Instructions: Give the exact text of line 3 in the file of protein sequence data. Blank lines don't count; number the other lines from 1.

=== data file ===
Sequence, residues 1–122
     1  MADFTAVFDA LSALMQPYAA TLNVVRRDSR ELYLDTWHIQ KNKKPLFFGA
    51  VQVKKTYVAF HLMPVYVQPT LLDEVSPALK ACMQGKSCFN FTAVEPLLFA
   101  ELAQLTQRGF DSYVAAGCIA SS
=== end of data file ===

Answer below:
    51  VQVKKTYVAF HLMPVYVQPT LLDEVSPALK ACMQGKSCFN FTAVEPLLFA